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The North Coast wine business on Thursday received another wake-up call about gathering storm clouds that could dampen consumer demand for premium wines and the grapes from which they’re made.

A day after an influential forecast for the fine-wine business warned of more challenging times ahead because of changing demographics of wine consumers, a gathering of wine grape growers and related professionals in Santa Rosa heard experts lay out how this and other shifts in consumer behavior is rippling through the supply chain.

While the ranks of millennials ultimately are set to rival that of baby boomers, the youngest millennials aren’t reaching for wine as enthusiastically as the pace of boomer retirement. That’s what Lulie Halsted, CEO of London-based market-research firm Wine Intelligence said at the 28th Sonoma County Winegrowers Dollars & Sense Seminar and trade show.

“We’re proportionally losing some wine drinkers,” Halsted told them.

Last year, 21 percent of U.S. wine drinkers who imbibe regularly were over 65 years old, compared with 16 percent in 2015, she pointed out. But the ranks of regular wine consumers at the front end — ages 21-24 — are decreasing, down to 6.5 million in mid-2018 from 7.5 million three years earlier.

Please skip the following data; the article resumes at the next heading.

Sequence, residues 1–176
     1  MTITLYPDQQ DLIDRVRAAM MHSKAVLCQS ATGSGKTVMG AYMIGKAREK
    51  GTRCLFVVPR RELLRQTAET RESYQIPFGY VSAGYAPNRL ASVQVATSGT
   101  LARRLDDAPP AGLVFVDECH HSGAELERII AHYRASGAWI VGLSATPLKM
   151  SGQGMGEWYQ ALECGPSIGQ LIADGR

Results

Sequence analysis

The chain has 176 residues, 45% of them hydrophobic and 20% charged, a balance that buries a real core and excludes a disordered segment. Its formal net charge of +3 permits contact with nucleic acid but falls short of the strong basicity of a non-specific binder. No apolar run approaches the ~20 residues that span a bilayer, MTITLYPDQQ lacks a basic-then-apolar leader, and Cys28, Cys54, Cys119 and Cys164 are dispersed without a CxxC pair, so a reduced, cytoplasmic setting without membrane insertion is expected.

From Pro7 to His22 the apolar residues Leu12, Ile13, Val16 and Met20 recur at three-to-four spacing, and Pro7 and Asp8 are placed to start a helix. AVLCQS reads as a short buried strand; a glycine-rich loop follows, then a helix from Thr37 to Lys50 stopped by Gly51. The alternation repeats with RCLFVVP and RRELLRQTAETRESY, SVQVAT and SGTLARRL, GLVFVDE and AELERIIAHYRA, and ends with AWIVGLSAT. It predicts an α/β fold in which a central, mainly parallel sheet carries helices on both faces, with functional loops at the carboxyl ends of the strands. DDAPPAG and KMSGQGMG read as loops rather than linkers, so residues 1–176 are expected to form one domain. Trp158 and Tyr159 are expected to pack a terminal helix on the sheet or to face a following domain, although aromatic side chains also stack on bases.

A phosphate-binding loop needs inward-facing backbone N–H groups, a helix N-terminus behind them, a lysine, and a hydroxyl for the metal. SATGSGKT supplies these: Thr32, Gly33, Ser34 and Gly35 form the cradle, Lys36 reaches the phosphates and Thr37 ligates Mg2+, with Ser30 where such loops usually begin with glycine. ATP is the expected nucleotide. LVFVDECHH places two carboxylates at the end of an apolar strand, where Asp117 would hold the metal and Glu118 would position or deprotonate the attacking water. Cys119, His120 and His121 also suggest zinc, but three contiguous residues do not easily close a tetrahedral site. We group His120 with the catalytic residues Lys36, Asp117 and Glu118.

The growing proportion of aging wine consumers follows the general demographic trend of the growing ranks of retirees, because about 40 percent of the U.S. adults are wine consumers, Halsted said. The youngest of the boomers are reaching retirement age.

And the wave of aging wine drinkers is rolling around the world, holding to a similar trend in Australia, the United Kingdom and elsewhere, according to Halsted.

“It feels like from the information and insight we have that we have kind of reached a sort of plateau and a peak in terms of growth in the number of drinkers we have in the marketplace,” she said. Wine Intelligence studies consumer behavior and attitudes in 38 markets worldwide.

Her firm’s findings about this leakage of the youngest legal wine consumers, what she called “millennial retreat,” echo the warnings from Silicon Valley Bank premium wine division founder Rob McMillan in his annual State of the Wine Industry report, released Wednesday.

A key reason McMillan posited for slow adoption by millennials is an “indulgence gap” — income not rising as fast as in past generations or as fast as experiential aspirations. And two reasons Halsted suggested are lower levels over the past three years in wine knowledge and confidence. Her firm scores consumers according to a “knowledge index” — knows facts such as growing regions, major countries of origin and grape varieties — and a “confidence index,” or how easily they order or talk about the beverage.